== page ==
Exclusive Interview with Kelly Pavlik

Pavlik On Wins Over Taylor, The Loss To Hopkins, Would-Be Fights With Williams, Calzaghe, And More..

As his fans know (and as all fight fans should know) Kelly Pavlik ripped the world middleweight title from an unbeaten Jermain Taylor 15 years ago today – September 29, 2007. The hero of Youngstown upset the odds, yet he had earned his shot. It was a great fight and a great win for Pavlik, and here, “The Ghost” kindly recalls his big win for the benefit of ESB readers:

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Q: It’s a real honor to be able to speak with you, Champ. First of all, does it feel like 15 years ago when you beat Taylor to become middleweight champion?

Kelly Pavlik: “Oh, it’s flying. Time goes by. It’s gone really fast. Just five years ago, I gave an interview on the fight being ten years ago. It really creeps me out, the fight being 15 years ago!”

Q: It was such a great fight, an action fight – and it ranks up there with the classic middleweight fights.

K.P: “It was a great fight. Coming in, was still the underdog. I had beaten [Jose Luis] Zertuche, which I wasn’t supposed to have won that fight the way I did, and then [Edison] Miranda, who I beat the way I wasn’t supposed to beat the way I did. I was still kind of the underdog going into the Taylor fight. But I worked hard. You know, part of the reason for me getting dropped in that [Taylor] fight, in the second round, was all confidence; kind of hard to explain. In the first round, I went in there, and I won the first round. It was actually a case of, everything I was throwing was landing pretty easily. I actually found it kind of easy, against this great boxer, Jermain Taylor.

“In the second round, I just kind of started off the same way; I was controlling the round. Then I got caught, and I did the stupid thing that people do when they get hurt – I stuck my tongue out. Of course, he took full advantage of that. But I fought through that round, I grabbed, I showed that I was able to hold on. In the third round, I beat him up. I think that took everything out of Jermain, the way I was able to come back in that third round. I think I threw, like, 99 punches. That sucked a lot of the life out of him. It was a great fight, and maybe my best win. But Edison Miranda, who I beat before I fought Taylor, he was the bogeyman of boxing, nobody wanted to fight him, he was just terrorizing people. I went in there, and I was a pretty big one [puncher] too.”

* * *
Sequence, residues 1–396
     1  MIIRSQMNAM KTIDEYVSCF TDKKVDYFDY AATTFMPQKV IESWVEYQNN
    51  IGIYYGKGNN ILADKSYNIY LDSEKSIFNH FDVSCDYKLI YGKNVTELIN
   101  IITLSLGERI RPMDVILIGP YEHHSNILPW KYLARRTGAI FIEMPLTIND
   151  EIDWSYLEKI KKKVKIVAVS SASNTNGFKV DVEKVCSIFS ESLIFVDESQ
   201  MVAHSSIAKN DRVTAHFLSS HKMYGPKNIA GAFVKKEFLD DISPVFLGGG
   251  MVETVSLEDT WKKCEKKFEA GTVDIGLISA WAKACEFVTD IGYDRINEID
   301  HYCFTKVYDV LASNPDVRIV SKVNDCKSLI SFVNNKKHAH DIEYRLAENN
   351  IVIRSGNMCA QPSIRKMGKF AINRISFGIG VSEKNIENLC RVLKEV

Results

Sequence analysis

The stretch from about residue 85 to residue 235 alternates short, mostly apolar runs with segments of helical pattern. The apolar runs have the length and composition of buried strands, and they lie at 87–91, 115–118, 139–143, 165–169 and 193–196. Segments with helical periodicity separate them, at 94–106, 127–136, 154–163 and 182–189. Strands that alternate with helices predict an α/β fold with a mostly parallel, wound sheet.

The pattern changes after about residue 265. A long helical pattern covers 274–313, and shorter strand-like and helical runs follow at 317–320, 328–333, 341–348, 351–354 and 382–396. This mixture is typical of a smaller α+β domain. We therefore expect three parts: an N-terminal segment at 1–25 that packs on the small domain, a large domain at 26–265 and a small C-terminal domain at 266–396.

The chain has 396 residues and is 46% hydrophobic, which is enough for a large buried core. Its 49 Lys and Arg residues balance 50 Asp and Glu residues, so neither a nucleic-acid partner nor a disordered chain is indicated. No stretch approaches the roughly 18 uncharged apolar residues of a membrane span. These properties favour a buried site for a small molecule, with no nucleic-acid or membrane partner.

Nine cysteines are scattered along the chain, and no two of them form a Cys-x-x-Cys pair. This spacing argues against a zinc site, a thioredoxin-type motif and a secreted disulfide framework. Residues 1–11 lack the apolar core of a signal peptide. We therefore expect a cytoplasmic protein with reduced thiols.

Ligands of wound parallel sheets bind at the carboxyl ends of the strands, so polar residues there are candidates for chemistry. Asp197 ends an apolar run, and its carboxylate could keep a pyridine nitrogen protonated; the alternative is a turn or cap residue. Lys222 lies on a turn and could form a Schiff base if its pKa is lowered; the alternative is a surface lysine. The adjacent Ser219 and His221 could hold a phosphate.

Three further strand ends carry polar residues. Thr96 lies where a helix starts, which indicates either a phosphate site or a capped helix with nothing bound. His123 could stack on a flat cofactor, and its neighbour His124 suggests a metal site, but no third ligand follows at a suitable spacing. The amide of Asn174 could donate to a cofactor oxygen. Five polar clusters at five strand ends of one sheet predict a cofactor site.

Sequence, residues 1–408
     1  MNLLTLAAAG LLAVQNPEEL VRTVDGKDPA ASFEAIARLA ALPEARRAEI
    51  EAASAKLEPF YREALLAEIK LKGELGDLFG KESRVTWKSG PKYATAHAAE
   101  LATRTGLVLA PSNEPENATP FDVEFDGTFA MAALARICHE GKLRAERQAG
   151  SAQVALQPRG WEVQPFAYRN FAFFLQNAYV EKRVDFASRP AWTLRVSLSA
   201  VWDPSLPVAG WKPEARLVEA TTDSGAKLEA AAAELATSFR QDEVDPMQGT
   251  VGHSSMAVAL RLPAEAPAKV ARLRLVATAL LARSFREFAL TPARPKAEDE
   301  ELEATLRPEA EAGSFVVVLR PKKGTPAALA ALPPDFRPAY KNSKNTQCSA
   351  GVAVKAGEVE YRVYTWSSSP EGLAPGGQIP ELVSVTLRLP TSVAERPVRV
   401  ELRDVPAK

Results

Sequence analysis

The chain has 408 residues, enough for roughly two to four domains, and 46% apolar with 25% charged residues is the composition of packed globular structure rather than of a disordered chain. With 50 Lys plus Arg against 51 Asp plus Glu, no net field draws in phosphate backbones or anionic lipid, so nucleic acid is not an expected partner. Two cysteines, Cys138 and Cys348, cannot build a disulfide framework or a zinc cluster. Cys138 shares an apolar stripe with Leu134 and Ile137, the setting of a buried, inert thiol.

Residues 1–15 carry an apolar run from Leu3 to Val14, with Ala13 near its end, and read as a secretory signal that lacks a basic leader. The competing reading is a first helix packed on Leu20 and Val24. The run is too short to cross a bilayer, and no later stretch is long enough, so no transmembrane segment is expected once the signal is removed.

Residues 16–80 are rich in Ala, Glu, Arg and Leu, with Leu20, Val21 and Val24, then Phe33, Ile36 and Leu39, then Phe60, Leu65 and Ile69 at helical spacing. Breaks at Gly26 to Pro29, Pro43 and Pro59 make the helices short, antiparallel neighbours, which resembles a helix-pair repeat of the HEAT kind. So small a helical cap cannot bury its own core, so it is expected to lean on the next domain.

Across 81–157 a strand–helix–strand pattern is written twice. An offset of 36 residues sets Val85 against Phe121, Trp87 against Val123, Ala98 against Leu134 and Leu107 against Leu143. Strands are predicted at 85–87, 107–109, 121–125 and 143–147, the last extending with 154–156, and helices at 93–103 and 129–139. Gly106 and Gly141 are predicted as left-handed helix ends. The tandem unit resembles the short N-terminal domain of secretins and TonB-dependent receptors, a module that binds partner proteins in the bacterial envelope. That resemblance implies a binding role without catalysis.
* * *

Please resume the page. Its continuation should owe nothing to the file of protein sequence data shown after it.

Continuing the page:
Q: The sport has changed a lot over the years, even over the past 15 years. But you EARNED your shot, having beaten Zertuche and Miranda, and ever before that, Fulgencio Zuniga and Bronco McKart. Do guys get world title shots easier today?

K.P: “That was the crazy part – Zertuche was supposed to be an eliminator, for the number-one mandatory, for [a shot at] Taylor. I’ll never forget that – it was beat Zertuche and then just wait for that call. In my mind, I’m thinking, ‘okay, Taylor next.’ Then I get another call, telling me I’m not fighting Jermain next, I’m fighting Edison Miranda for the number-one mandatory. I’m like, wow. At that point, seven years [as a pro], you think you have a shot, finally. It had already taken me so long to get on premiere television; HBO. And now I’m told I’m not fighting for the title, I have to fight Edison Miranda – a guy who everyone is afraid to fight. That none hit pretty hard. But we went back, and we got ready to do what we had to do, and we trained like hell for that fight, and we took it.”